5 things to know before the stock market opens on Friday July 22

Here are the most important information investors need to start their trading day:

1. Another mixed morning for equities

Traders work on the floor of the New York Stock Exchange (NYSE), July 21, 2022.

Brendan McDermid | Reuters

The three major U.S. stock indexes looked set for confused trading Friday morning after a relatively strong end Thursday. The US dollar, which had strengthened and weighed on growth-oriented tech stocks, cooled somewhat after the European Central Bank, in an attempt to counter inflation, raised rates for the first time. in over a decade. That particularly helped the tech-heavy Nasdaq, which closed Thursday up 1.36%. But then former social media darling Snap reported after the bell, well… see below.

2. Social media madness

Evan Spiegel, co-founder and CEO of Snap Inc., speaks during the virtual Google Pixel Fall Launch event in New York, Tuesday, October 19, 2021.

Michael Nagle | Bloomberg | Getty Images

It was brutal. Snap reported weaker-than-expected results and a slowdown in revenue, but the real boost was the company’s warning that it would not provide guidance for the third quarter as “forward-looking visibility remains incredibly challenging. “. Snap, joining other tech companies, also said it plans to slow its pace of hiring. As of Thursday’s close, Snap shares were already down nearly two-thirds so far this year. The company’s disastrous quarterly report sent a chill to other social media stocks, such as Facebook’s parent company Meta and Pinterest, on Thursday after hours. And Twitter on Friday morning released results, including a net profit loss, that missed Wall Street expectations.

3. Airlines recall

Passengers with an infant use a Delta Air Lines check-in kiosk at Hartsfield-Jackson Atlanta International Airport ahead of the July 4 holiday in Atlanta, Georgia on July 1, 2022.

Elie Nouvelage | Reuters

Air travel is back in full force. Covid restrictions have been largely relaxed. And the airlines are making a profit. The three largest US carriers – United, American and Delta – all reported quarterly profits for the most recent period, each expressing optimism about demand for the rest of the summer. But the big rebound in travel has created headaches everywhere: higher fares, longer delays, more cancellations, staff shortages, and more. With costs, fares and demand high, airlines, which have been buoyed by billions of dollars in federal support during the pandemic, are slashing their flight growth targets. “The more airlines limit their capacity, the higher they can charge airfares,” Henry Harteveldt, founder of Atmosphere Research Group and former airline executive, told CNBC’s Leslie Josephs. “They won’t get another bailout,” he added. “They wasted a lot of their goodwill.”

4. Energy bailout in Germany

Uniper is in talks with the German government on a possible bailout.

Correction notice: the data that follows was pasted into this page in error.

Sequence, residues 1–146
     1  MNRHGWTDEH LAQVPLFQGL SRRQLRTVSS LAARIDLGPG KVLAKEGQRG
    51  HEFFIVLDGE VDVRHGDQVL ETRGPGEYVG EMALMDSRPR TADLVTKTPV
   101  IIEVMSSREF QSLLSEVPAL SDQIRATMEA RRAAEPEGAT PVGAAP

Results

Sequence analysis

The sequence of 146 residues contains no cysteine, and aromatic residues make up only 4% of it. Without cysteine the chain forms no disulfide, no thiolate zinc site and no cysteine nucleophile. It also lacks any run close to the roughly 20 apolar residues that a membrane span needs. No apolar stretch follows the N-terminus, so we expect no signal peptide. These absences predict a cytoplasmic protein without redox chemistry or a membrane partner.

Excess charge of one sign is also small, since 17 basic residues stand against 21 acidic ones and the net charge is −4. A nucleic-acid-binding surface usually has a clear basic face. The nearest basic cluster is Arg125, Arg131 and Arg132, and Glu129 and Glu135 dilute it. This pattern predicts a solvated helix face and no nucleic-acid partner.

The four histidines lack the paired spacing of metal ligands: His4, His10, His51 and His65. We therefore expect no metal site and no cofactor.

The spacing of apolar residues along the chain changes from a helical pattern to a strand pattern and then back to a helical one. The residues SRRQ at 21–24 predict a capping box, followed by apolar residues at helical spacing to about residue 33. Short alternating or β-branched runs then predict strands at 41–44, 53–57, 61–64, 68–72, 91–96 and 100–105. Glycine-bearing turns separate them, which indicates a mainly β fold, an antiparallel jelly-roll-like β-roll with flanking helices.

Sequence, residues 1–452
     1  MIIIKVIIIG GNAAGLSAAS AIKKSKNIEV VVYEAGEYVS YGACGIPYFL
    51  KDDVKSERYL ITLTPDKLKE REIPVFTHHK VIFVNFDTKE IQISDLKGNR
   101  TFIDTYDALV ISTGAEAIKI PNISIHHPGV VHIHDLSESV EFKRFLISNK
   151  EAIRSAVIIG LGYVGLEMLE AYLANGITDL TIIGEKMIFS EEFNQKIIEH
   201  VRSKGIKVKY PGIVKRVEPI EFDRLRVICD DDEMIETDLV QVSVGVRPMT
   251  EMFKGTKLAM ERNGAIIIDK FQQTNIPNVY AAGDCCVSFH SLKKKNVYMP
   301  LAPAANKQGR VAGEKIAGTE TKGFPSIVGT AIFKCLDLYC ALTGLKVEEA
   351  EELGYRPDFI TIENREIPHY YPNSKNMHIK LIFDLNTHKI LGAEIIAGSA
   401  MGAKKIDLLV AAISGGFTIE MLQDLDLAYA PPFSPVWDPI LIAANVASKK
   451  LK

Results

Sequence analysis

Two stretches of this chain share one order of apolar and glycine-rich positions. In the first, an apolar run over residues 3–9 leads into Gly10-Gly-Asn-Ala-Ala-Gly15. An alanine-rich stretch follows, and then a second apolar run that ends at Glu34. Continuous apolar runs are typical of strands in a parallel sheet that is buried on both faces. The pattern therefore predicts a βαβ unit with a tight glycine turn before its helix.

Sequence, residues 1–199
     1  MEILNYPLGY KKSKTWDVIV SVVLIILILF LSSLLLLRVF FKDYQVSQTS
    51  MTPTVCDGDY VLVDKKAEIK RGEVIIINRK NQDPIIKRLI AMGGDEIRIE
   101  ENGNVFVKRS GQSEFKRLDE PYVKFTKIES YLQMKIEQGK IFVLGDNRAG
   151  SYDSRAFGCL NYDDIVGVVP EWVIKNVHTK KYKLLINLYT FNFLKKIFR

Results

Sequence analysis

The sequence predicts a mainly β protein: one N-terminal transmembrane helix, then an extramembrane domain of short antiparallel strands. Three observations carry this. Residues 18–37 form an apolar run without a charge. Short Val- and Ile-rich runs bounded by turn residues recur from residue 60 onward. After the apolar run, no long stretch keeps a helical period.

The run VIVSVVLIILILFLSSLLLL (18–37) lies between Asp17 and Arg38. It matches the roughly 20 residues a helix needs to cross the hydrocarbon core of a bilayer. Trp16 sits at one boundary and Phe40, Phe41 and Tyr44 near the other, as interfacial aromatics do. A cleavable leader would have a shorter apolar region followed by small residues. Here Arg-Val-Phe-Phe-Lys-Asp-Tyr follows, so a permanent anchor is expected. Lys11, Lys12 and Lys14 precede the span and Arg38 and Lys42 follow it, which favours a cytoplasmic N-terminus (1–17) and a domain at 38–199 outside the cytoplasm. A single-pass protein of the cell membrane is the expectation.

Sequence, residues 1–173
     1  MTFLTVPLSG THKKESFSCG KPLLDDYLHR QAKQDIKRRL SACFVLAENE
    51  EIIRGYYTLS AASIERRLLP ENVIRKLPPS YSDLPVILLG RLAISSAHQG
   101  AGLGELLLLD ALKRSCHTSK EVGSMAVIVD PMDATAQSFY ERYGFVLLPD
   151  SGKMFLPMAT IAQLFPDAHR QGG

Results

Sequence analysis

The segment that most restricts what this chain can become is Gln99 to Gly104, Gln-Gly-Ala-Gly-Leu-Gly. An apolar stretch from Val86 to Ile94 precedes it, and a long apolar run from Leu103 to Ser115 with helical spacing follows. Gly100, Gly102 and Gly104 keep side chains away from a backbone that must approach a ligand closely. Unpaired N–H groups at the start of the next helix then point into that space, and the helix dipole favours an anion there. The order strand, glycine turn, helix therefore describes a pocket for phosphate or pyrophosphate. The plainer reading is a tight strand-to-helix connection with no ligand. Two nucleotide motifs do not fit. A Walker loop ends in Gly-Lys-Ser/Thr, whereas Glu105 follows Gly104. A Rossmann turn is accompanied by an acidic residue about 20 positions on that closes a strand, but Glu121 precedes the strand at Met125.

Image Alliance | Image Alliance | Getty Images

The German government on Friday accepted a $15.24 billion bailout from energy giant Uniper. The difficulties of the company are linked to the invasion of Ukraine by Russia and the ensuing energy crisis. Uniper, majority-owned by a Finnish company, is Germany’s largest importer of Russian gas. Earlier this month, Uniper asked for government help after warning of rising energy bills. The German government takes a 30% stake in the company.

5. How Far We Are

President Joe Biden, who tested positive today for Covid-19 this morning, tweeted “Friends, I’m doing great. Thank you for your concern. Just called Senator Casey, Congressman Cartwright and Mayor Cognetti (and my Scranton cousins!) to send you my regrets for missing our event today.”

Courtesy of the White House

President Joe Biden has tested positive for the coronavirus, the White House announced Thursday. The news sparked headlines everywhere. Biden is 79 and therefore considered more at risk for a more serious fight with Covid. Still, his symptoms were “very mild” and he continued to work, albeit in isolation. He was vaccinated and boosted, and he was taking Pfizer’s Paxlovid antiviral treatment. It wasn’t long before the development became just another news story. Markets largely ignored it. The Covid, which became a pandemic more than two years ago, is still a threat to health and the economy. Tens of thousands of people are infected every day in the United States, keeping many stuck at home. And still every day, thousands of people are hospitalized while hundreds die. But if the otherwise subdued reaction to the president’s infection is any indication, it’s clearer than ever that Americans — and the markets — are largely eager to move on, even if the virus isn’t.

– CNBC’s Samantha Subin, Jonathan Vanian, Ashley Capoot, Leslie Josephs, Kevin Breuninger and Katrina Bishop contributed to this report.

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